Working Mothers

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Working Mothers

It is often said that, \"Man's work ends at sun set. Women's work is never done.\" With sixty-three million women working and 62% of those women maintaining families, most women would this statement very true (AFL-CIO). While women are expanding their lives to include a career, they must also maintain their traditional roles at home. This combination of housework and career-work is the reason why working mothers today have more stress than working fathers.
Mothers may work in an office from nine to five, but their work does not end at the office. After working an eight-hour day, a mother will come home to take care of her children, husband, and house. Women remain the primary caretaker and housekeeper of a family, and are also the primary caregiver for the elderly (Kelly, Garrett). All of this makes for a very demanding schedule.
Typically after leaving work, a mother will pick up her children at a babysitter or day care, and then continue to caravan her children from soccer practice to ballet class to girl scouts, etc. When she finally reaches home, exhausted, a mother will try to spend some quality time with her children before feeding them dinner, giving them a bath, and putting them to bed. For some reason, all of these chores remain the work of a woman. In the mean time, a mother has no time to herself to recuperate from a long day because she is so busy caring for everyone else.
If both parents are working and their child becomes ill, the wife is more likely to leave work and get the child (Bianchi 171). Also, since husbands generally work eight more hours a week than their wives do, they tend to miss out on responsibilities, such as feeding their children dinner and breakfast. \"Men miss out on meal chores and those tend to be very stressful\" says Dr. Barnett (Kelly). More often than not, women's work interferes with family while for men family interferes with work (Bianchi 171). This is because women tend to put family first, and therefore, they feel extra pressure to do well for their family when coming home from work. This feeling only adds to a working mother's stress.  
Taking care of the elderly is very similar to the demand of taking care of one's children (Bianchi 180). With women now having children later in life, they find themselves responsible for the care of their young children and elderly parents, if they require care, at the same time. One-half of elderly peoples' caregivers work outside of the home and one quarter of them have children at home who require care (Garrett).  Whether your parents are living in a nursing facility or at home, it is undeniable the amount of work it takes to care for a loved one. Many elderly people require assistance with medication, eating, and bathing as well as a long list of simple every day tasks. For anyone this is a pretty big responsibility, but imagine caring for a person in such a manner along with caring for one's home and family.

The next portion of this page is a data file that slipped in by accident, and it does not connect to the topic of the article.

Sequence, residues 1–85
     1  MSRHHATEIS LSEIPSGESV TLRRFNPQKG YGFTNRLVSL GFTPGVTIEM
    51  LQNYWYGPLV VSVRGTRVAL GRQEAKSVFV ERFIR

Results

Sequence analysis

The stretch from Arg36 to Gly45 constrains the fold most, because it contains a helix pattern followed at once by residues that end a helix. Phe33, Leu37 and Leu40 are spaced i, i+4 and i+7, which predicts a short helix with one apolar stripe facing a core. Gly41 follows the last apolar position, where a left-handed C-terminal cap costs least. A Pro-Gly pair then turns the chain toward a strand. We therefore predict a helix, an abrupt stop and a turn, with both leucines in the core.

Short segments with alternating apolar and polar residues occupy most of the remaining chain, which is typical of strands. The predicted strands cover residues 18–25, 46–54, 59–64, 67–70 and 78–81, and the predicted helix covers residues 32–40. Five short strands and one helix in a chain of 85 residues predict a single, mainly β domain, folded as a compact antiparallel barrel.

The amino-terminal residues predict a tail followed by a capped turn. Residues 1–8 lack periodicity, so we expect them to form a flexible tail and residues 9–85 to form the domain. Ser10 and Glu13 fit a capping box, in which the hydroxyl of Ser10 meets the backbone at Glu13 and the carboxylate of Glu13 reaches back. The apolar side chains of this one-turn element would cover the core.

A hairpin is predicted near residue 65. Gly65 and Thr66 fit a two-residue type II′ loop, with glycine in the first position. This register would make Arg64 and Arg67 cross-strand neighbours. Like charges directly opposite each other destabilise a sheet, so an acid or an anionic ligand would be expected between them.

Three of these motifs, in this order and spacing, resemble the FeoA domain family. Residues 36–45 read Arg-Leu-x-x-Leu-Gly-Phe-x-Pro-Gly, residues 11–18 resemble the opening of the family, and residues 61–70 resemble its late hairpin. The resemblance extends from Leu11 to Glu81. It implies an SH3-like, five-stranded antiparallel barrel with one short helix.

Mothers also come home with a long list of household chores to finish. On top of working twenty to forty hours a week, a woman will also average twenty hours of housework a week (Bianchi 169). Cooking, cleaning, and vacuuming: a wife still primarily does all of this, and some women actually believe that they should be doing the housework (Bianchi 168-172). After a hard day at work, men are able to sit down and relax but not women. \"For most working mothers this is the most stressful part of the day,\" says Alice D. Domar, the director of the Mind/Body Center for Women's Health at a Harvard University teaching hospital (qtd. from Kelly).
So much stress has taken its toll on working mothers. Working mothers often feel guilt for leaving their children in the care of others while they are at their jobs. More severely, unrelenting stress can have a very negative effect on one's health. This stress can weaken a woman's immune system, threaten her cardiovascular system and contribute to headaches, backaches, gastrointestinal stress and insomnia (Kelly).
In any case, the stress of a working mother is a